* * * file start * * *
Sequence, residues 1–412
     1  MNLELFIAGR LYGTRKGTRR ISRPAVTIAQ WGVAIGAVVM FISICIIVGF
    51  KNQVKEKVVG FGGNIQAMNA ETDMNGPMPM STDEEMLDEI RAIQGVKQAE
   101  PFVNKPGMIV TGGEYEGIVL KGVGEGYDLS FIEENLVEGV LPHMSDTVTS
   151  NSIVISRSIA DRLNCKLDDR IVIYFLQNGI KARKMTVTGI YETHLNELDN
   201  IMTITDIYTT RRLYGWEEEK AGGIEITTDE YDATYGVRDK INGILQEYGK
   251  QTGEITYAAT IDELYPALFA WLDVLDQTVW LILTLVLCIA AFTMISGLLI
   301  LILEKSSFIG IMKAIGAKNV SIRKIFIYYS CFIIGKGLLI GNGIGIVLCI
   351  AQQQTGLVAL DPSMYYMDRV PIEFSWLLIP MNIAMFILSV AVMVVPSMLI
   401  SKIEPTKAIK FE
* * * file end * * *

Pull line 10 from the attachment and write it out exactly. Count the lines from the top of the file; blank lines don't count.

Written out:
   401  SKIEPTKAIK FE